Uvex SGL 202 Vario sunglasses Review

May 28, 2012
Uvex SGL 202 Vario sunglasses
Lens Clarity
Helmet Compatability
Coverage / Wind Resistance
Fit / Comfort
Overall Performance

The Good

  • Amazingly light—just 0.8 ounces
  • Frameless design provides a large, clear field of view
  • Photochromic lenses obviate the need for switching lenses to match light

The Bad

  • Super-flexible frames don't grip as well as some burlier glasses

Well-designed, super-light glasses with excellent, photochromic lenses that are the right choice for almost any daylight conditions.


For years I’ve ridden with interchangeable lens glasses, switching out the lenses for the day’s conditions. The more you do that, the more fingerprints and scratches you’ll get on the lenses, and the more likely it is you’ll lose one. And odds are, you’ll still find that the chosen lenses were wrong for the conditions at some point during the ride.

Photochromic lenses vary their tint as the light conditions change. You need never handle the lenses and they are (almost) always the right tint for the conditions. Uvex’s entry in this category, the oddly-named SGL 202 Vario glasses, feature their “Variomatic lenses” in an amazingly light, rimless package that excelled in nearly every condition they were subjected to.

Lens: Fogging/Water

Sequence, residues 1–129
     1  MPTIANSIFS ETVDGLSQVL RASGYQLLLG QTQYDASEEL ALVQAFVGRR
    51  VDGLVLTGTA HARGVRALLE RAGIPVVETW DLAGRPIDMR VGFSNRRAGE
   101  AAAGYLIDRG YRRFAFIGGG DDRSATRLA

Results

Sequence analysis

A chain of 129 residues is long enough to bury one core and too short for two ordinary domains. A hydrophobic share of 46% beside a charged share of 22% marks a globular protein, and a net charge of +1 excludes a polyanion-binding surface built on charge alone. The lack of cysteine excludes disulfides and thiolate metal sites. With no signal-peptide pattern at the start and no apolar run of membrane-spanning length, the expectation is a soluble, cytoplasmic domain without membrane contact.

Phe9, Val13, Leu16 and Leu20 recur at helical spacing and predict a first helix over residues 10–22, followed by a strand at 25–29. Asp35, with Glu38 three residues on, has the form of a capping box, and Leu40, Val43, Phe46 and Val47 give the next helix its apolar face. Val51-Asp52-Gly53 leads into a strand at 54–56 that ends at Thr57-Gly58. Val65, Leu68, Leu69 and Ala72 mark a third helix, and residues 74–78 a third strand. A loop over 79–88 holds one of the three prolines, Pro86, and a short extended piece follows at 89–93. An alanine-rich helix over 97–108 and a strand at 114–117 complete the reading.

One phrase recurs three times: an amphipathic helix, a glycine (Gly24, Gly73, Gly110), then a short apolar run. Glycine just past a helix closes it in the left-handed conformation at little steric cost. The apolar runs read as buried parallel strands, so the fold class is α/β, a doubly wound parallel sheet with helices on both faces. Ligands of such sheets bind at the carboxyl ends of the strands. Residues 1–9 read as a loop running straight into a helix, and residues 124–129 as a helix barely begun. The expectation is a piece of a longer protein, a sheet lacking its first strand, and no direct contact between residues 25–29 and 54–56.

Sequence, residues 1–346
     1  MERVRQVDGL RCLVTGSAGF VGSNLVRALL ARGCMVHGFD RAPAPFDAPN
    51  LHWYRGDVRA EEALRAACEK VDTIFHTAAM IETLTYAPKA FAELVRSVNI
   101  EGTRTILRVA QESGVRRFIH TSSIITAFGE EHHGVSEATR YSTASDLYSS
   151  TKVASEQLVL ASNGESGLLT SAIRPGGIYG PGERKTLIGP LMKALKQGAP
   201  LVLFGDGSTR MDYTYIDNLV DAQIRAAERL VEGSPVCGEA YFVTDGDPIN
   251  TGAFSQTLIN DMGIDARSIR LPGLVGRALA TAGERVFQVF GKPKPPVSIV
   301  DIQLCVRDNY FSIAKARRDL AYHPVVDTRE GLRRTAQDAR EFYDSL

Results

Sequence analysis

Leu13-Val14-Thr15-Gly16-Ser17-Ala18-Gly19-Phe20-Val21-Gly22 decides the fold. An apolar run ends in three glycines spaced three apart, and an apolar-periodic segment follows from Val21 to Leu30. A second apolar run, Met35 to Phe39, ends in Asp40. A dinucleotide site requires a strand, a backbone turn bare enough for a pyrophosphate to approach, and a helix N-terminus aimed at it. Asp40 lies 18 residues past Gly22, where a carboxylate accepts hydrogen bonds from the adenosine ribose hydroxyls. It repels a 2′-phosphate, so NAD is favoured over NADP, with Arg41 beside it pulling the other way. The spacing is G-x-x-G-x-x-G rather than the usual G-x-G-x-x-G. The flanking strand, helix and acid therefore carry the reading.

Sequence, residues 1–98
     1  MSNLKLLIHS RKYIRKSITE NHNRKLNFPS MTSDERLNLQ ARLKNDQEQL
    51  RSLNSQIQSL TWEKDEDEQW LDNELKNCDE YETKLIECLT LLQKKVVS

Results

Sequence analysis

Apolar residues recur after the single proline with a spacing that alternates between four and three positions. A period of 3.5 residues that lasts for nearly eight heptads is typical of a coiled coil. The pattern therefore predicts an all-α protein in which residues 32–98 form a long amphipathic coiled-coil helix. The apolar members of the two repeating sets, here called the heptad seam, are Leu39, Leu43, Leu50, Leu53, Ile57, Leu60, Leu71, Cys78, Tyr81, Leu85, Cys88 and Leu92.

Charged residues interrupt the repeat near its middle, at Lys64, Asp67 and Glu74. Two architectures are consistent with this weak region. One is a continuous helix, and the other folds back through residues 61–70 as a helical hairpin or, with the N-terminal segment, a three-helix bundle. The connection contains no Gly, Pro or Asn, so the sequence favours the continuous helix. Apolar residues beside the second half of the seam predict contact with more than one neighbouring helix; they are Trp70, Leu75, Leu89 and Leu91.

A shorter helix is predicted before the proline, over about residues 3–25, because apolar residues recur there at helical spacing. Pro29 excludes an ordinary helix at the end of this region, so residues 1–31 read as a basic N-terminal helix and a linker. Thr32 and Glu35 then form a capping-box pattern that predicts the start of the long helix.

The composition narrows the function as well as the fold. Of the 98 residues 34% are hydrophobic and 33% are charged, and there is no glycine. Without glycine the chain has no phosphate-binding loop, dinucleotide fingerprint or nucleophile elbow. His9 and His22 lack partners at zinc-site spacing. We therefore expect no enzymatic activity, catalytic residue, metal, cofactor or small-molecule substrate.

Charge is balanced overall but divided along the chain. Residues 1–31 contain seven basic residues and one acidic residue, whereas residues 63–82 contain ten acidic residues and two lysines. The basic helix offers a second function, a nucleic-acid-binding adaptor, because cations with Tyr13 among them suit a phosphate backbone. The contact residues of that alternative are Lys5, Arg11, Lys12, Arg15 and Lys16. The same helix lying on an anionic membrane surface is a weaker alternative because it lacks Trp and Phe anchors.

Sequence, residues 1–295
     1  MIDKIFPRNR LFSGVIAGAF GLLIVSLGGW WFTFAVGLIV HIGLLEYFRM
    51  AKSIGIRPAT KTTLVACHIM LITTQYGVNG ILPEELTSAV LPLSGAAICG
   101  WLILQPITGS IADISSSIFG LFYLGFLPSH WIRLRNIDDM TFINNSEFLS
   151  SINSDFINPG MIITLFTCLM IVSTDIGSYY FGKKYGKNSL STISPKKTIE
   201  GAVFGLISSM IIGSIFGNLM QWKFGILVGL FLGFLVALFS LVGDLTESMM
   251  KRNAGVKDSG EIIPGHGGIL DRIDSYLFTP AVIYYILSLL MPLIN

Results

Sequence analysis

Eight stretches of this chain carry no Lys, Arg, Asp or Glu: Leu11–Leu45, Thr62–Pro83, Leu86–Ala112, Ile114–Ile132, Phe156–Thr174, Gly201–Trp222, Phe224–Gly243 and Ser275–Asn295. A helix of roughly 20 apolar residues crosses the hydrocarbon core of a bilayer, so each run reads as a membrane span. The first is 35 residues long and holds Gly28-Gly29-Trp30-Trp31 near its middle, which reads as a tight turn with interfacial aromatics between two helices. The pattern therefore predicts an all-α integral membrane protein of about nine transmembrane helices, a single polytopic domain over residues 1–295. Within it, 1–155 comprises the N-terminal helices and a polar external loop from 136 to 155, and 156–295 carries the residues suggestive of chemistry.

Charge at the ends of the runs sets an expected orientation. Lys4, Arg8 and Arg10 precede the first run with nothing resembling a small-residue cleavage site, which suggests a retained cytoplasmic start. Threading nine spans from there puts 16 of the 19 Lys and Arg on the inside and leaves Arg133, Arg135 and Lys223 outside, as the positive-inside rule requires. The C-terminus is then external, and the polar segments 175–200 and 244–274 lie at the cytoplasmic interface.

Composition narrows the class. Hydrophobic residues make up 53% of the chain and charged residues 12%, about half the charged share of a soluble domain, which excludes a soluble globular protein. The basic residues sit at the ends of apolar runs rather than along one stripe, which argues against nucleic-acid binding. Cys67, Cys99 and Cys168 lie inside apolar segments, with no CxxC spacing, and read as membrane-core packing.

As it should, the lens is what makes the SGL 202s so good. The distortion-free lens offers a full, obstruction-free field of view. It also features an outer coating that repels dirt and grease and an inner one that resists fogging. I was able to test that feature during a trail ride in utterly swampy conditions following a rain storm. Though I was moving slowly on that hot, humid and windless day, the SGLs remained clear. Upon stopping to check the map, they did fog up but miraculously cleared almost instantly once I started moving again. The coatings also kept the lenses clear after being drenched by another rider’s wheel spray and remarkably free from spots of dried sweat. After long, hot rides, I’ve had plenty of other glasses that resembled the windshield of a car following a salt truck in a snowstorm. I was amazed at how clean the SGL’s lenses remained in challenging conditions.

Lens: Changing Light
The tint of the lens worked as promised. I never noticed them getting darker or lighter–they were always just right, even when alternating between full sun and shade. The only time I found the tint lacking was on a sunny cross-country ski day at 10,000 feet. They were simply overpowered then, which admittedly exceeded the conditions that Uvex states these glasses will perform in.

The frame, what little there is of it, performed nearly as well as the lenses. The arms integrated well with most helmets I tried, but it’s always a good idea to check compatibility. Initially I faulted the lightweight arms for being too noodley to keep the glasses in place. However after aggressively reshaping them, I found they hold reasonably well.  On the pavement, the SGLs usually stayed put but descending a water-bar-littered trail caused them to creep down my nose.

On virtually every ride, Uvex’s SGL 202s simply performed superbly and without distraction, to the point that they disappeared.  While rough, off-road rides and high altitude winter excursions were a bit beyond their abilities, the SGL’s performance at all other times make them an excellent choice for riders seeking a feather-light sunglass for variable light conditions.


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